Wolfbiter reviews IFComp 2023 (latest: finished with reviews, wrap-up thoughts)

I had the same question about whether there was a better ending—curious to see if anyone managed one.

For point 6, the door option actually wouldn’t progress for me at all. (Emailed the author in case it’s a bug.)


Yes! I am keeping my eyes out in case anyone found a better ending because I am also curious!

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Meritocracy by Ronynn

TLDR: An intense college student spends a day talking with people about logical fallacies and meritocracy.

Gamemechanical notes: Choice based. I only played through once, but had the impression there was only one path. A few times you have multiple conversational options (frequently you have only one option) but I didn’t think any of them were going to really shift the outcome.

[ + ]

  • the player character is very distinctly drawn, which I generally like

  • Where two NPCs disagree on meritocracy, they both raised a variety of arguments to support their views (one side of the argument wasn’t presented as being obviously weaker), which I think must be more challenging for an author to achieve than just supporting their preferred side

  • there are a few funny elements like when the player character thinks they are in a philosophy class but has accidentally attended a different class, or when the player character is moved by enthusiasm to declaim a speech from atop a desk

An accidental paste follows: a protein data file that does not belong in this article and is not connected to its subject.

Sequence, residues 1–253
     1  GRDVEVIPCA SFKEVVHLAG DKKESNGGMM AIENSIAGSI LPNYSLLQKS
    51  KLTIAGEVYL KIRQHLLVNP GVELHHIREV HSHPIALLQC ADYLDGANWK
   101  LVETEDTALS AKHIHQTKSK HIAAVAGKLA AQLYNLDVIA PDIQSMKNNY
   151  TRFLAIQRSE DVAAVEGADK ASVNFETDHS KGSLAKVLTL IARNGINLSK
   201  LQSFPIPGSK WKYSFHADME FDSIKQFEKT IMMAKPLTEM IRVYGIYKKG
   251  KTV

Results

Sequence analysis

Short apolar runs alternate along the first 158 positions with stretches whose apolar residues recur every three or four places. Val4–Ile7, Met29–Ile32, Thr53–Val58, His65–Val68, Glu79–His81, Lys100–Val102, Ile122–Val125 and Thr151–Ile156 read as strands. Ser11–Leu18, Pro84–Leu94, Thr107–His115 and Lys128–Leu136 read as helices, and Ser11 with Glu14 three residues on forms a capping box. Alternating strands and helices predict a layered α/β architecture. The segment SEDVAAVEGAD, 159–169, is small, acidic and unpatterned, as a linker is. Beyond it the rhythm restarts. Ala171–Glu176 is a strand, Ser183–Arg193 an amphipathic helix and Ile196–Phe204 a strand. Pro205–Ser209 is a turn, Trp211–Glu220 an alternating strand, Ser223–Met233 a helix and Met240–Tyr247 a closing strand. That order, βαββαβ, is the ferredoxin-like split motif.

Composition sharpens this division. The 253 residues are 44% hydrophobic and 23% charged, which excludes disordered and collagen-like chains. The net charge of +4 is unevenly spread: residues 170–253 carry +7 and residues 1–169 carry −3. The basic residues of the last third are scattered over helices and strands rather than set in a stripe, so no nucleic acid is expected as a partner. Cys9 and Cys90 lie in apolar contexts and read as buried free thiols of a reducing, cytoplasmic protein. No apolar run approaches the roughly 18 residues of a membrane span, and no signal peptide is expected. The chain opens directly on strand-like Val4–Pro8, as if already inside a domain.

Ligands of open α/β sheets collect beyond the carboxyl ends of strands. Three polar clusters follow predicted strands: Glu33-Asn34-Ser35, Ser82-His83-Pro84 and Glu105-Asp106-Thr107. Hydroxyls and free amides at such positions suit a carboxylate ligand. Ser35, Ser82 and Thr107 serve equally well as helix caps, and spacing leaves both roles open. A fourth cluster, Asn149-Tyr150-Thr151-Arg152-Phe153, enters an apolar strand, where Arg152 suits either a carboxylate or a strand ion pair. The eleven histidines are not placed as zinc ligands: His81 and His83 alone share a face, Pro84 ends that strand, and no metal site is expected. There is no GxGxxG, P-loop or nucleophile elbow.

[ Δ ]

  • I found the player character, with their laser focus on the external appearance / trappings of Serious Academia, exhausting to inhabit. (Sample narration: “You are here, on this immense and splendid campus, where the edifices of science and art rise majestically above the verdant lawns and flower beds, where the pathways of knowledge and culture wind gracefully among the ancient trees and statues, where the fountains of wisdom and beauty sparkle in the sunlight.”)

  • I didn’t feel the content of the game matched the description. According to the description, “you must debate with your professor on the nature of merit” and “Engage in a battle of wits and see if you have what it takes to come out on top.” This made me expect that interaction with the professor would be framed as a debate, that the player would select among different arguments to attempt to persuade the professor, etc. Instead most of the game was reading long passages of the professor or other characters speaking. The player character does respond but it’s more “short prompt to get the professor to say more” or “providing an example to show I have understood the professor’s lesson” than a debate. There was a lot of reading monologues from the professor, other characters, or the player character’s internal monologue


The Long Kill by James Blair

[The player has the option to play as a sniper, a spotter, or a civilian. This review is about the sniper path, which is the only one I played.]

TLDR: A tense and engaging yet thoughtful game about a few key days in the life of a guy who has been a son, a soldier with coalition forces in Afghanistan, and a veteran returning to civilian life.

Gamemechanical notes: Choice based. Multiple endings, player choices affect the endings. Also, a lot of the choices affect how the rest of the game proceeds, even if not changing the ultimate ending. There is an undo button.

[ + ]

  • Highly gripping and engaging

  • Very well written, the writing is very effective in clearly conveying what is happening while also revealing how the player character thinks and setting a general mood. I’m not sure if “sensitively written” is exactly the phrase I want, but I felt that the author had thought deeply about the themes involved. The game was. . . considered.